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Are the Kardashians Gaslighting America?

Posted by Axis on May 19, 2021


  1. Planning a Post-Panny Party 

What it is: Some cultural observers are predicting a Roaring-Twenties-esque post-pandemic party atmosphere where young people engage in risk-taking behavior and fully embrace the freedom of life after lockdown.

Why it’s still a 50/50 shot: Data collected (paywall) by YPulse indicates that, yup, young people in the 13-39 demographic are very much looking forward to a “normal” summer. Outdoor BBQs, going to the movies, and traveling on vacation all ranked high on the list of warm-weather to-dos for survey participants. Gen Z may be particularly anxious to return to activities that they feel they have been unfairly restricted from them during the critical, once-in-a-lifetime period when they are meant to be establishing their independence. (And they do have a point; you’re only 16 once.) However, this doesn’t automatically mean that teenagers everywhere will be throwing caution to the wind in their efforts to make up for “lost” time. People who love and care about teens should have this collective cultural restlessness on their radar, but not necessarily make assumptions about what their teens will want to get up to.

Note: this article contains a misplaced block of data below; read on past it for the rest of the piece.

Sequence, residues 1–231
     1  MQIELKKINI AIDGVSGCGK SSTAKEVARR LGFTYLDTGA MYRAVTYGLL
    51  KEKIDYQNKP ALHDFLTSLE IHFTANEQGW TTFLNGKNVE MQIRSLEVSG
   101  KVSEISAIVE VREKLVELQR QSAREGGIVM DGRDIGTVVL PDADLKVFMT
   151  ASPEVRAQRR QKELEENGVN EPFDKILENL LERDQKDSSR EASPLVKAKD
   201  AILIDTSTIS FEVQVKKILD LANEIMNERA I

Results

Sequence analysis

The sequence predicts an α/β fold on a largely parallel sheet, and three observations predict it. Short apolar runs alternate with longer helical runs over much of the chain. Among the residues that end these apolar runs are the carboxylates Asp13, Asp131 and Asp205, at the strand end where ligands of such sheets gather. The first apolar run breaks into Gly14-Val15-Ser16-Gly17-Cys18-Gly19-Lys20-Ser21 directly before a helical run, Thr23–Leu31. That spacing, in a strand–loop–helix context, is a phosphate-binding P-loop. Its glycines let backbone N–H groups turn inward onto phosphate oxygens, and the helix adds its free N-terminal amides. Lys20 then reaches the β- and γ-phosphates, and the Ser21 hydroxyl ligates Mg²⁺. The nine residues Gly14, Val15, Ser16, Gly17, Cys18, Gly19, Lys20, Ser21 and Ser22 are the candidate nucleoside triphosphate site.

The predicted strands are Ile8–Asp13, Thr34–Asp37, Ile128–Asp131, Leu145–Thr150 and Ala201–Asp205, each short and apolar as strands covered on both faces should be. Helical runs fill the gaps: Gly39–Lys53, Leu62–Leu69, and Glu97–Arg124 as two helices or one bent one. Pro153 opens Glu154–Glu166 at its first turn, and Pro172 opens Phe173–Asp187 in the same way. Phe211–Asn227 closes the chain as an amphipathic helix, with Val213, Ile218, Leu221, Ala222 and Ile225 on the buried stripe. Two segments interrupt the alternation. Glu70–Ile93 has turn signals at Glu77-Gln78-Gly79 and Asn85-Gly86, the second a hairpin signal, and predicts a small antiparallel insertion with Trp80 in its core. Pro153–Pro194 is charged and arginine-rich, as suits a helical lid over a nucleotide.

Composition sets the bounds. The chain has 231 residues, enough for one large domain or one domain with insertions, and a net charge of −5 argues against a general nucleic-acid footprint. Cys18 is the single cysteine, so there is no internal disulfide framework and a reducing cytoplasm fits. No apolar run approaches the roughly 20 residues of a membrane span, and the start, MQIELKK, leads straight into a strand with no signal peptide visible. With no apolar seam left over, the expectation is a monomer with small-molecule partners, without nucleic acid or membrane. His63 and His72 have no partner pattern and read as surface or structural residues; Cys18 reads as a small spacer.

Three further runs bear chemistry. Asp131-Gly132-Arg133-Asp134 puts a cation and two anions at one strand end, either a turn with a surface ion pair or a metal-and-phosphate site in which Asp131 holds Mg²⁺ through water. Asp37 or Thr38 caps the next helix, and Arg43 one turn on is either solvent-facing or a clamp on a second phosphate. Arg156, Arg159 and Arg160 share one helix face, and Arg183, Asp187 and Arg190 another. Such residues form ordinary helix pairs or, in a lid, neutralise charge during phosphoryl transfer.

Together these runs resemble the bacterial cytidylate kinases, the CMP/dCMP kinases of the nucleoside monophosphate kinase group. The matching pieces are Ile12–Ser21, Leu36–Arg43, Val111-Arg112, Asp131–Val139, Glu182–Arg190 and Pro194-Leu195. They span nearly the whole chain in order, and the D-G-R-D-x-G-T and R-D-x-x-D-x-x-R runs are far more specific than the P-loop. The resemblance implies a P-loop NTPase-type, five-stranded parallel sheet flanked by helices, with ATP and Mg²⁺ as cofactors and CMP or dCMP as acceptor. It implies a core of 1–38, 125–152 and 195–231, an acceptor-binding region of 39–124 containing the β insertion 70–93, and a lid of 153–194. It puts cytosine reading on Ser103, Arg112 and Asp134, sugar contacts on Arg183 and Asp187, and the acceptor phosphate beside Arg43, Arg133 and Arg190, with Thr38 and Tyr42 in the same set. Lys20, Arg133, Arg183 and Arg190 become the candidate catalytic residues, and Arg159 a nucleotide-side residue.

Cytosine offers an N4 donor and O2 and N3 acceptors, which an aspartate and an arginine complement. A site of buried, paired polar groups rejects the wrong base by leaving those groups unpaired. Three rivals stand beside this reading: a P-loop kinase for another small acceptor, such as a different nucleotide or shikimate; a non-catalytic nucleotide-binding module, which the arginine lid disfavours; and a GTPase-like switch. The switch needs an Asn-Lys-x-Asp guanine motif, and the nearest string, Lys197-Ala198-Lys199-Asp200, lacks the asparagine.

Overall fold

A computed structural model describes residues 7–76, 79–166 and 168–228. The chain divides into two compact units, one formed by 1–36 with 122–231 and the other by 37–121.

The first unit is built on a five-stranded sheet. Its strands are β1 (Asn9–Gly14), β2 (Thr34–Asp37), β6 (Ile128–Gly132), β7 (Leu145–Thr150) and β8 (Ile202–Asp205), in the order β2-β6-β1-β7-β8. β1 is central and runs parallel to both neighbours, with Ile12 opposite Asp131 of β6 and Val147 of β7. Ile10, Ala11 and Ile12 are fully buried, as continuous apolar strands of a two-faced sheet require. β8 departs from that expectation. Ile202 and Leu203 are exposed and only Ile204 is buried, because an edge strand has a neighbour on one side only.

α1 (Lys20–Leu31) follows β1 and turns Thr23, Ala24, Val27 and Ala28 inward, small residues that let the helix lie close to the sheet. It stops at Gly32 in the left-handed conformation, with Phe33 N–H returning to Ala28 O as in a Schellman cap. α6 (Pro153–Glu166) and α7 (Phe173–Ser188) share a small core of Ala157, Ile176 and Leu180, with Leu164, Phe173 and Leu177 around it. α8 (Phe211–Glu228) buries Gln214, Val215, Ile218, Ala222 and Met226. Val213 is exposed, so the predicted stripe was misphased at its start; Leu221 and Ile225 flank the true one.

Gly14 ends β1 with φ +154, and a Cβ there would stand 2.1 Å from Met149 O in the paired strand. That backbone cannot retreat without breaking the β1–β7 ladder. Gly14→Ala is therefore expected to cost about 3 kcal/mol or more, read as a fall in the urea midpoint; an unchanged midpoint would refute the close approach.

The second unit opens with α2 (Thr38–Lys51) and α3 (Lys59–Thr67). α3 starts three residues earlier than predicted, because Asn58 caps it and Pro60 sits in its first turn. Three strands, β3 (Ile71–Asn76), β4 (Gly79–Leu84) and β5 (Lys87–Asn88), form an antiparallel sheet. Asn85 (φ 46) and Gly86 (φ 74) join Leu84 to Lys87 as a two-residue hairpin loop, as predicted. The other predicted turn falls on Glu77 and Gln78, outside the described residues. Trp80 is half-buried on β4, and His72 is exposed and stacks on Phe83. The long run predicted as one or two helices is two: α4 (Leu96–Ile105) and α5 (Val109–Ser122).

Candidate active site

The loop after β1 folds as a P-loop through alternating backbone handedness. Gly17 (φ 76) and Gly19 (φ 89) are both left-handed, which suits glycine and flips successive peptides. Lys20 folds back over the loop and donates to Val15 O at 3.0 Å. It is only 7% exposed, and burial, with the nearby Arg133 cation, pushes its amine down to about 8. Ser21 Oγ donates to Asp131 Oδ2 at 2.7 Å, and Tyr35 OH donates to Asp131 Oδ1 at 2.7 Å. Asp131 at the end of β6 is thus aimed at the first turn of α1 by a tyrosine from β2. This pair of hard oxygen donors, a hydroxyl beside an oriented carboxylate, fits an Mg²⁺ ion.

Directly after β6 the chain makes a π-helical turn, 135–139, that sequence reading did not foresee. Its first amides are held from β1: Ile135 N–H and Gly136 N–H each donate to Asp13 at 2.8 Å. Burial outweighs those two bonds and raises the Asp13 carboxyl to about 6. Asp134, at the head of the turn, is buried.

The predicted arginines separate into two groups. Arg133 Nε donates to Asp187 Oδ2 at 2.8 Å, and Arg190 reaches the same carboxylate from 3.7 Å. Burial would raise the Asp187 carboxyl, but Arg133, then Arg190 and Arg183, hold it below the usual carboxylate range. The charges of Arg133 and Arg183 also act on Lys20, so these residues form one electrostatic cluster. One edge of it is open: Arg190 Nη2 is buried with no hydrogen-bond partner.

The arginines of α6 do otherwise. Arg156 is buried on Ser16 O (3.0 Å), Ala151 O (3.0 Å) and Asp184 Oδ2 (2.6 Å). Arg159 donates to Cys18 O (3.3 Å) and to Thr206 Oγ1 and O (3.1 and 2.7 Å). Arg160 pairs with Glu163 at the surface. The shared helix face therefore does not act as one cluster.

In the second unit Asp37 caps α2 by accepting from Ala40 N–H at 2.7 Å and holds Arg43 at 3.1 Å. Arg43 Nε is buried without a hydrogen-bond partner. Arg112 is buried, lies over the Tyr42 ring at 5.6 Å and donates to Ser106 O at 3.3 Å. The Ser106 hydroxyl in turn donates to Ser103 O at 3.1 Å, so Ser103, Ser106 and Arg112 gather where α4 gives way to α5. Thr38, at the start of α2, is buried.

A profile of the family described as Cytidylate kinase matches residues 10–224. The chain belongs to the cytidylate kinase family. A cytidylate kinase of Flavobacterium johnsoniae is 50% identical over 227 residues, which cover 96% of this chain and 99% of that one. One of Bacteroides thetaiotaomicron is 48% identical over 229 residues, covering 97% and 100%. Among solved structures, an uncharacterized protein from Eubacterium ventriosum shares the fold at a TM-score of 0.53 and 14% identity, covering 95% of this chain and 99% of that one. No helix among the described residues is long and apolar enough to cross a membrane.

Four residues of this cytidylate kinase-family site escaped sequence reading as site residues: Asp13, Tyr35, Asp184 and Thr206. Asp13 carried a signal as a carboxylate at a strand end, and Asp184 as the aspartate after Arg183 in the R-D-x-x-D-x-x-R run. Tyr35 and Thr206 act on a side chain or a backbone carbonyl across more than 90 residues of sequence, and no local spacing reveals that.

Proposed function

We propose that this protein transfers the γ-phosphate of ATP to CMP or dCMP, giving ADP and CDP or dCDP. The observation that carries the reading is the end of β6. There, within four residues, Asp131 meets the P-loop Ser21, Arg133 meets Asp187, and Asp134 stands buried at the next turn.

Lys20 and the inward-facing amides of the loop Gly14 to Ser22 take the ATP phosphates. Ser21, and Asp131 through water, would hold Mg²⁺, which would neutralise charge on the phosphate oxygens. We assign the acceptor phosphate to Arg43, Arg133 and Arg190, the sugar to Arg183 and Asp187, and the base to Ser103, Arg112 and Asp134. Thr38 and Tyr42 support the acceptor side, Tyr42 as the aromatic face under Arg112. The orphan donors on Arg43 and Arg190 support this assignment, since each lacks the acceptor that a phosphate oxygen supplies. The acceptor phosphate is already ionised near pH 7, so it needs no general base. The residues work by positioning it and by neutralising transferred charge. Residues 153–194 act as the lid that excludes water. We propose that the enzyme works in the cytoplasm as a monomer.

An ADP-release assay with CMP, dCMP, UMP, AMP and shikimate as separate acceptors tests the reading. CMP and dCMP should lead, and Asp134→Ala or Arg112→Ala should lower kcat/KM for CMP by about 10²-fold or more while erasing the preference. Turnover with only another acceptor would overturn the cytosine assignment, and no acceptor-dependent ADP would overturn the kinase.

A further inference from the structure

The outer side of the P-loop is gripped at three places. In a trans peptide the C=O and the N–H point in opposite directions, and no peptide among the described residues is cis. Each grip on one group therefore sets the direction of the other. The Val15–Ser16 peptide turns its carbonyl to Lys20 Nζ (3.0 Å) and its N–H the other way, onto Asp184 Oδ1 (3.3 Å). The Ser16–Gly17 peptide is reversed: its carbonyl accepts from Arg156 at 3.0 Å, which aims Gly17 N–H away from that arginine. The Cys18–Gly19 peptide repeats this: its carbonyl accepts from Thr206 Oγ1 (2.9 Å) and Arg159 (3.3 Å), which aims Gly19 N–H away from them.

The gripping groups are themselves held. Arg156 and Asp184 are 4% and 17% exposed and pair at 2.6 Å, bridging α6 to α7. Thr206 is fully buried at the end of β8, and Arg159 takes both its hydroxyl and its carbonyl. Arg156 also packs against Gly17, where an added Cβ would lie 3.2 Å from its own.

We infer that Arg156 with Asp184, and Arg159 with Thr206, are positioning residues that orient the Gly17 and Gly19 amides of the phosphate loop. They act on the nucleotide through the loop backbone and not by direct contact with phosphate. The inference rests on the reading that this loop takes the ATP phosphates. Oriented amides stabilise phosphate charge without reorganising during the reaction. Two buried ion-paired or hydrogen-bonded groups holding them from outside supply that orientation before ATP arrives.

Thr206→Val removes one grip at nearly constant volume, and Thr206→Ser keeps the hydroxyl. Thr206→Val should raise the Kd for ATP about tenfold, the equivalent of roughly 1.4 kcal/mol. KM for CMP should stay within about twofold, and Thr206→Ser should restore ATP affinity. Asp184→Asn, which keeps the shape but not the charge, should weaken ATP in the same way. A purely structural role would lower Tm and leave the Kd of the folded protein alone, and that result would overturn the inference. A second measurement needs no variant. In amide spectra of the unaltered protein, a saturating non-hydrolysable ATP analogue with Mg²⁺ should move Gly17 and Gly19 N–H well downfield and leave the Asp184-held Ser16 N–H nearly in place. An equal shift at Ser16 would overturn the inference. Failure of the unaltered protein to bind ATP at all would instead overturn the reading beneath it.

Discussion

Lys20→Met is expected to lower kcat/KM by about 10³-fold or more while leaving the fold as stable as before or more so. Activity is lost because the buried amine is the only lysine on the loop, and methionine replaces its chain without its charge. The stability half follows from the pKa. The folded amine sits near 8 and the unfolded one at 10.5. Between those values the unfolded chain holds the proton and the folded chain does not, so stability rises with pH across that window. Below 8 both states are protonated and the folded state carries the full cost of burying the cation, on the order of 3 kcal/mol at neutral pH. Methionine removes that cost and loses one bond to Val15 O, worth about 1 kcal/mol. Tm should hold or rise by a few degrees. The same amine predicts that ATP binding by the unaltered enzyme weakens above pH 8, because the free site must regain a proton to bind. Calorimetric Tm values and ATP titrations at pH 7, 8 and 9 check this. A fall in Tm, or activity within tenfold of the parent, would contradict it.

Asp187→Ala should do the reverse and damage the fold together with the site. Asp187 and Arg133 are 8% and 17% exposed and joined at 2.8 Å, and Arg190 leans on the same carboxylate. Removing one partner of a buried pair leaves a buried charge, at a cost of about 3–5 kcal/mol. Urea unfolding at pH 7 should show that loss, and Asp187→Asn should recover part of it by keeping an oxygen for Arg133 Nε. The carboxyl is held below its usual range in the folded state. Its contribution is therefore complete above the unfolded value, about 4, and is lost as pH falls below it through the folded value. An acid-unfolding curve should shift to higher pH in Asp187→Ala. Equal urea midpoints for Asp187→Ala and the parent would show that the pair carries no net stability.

1. The Prank Industrial Complex

What it is: After a series of bad (like really bad) viral mea culpas by YouTube influencers, the “YouTuber apology video” has almost become a genre all its own. So much so that the “Endless YouTube Apology Video” was a popular sketch last weekend on Saturday Night Live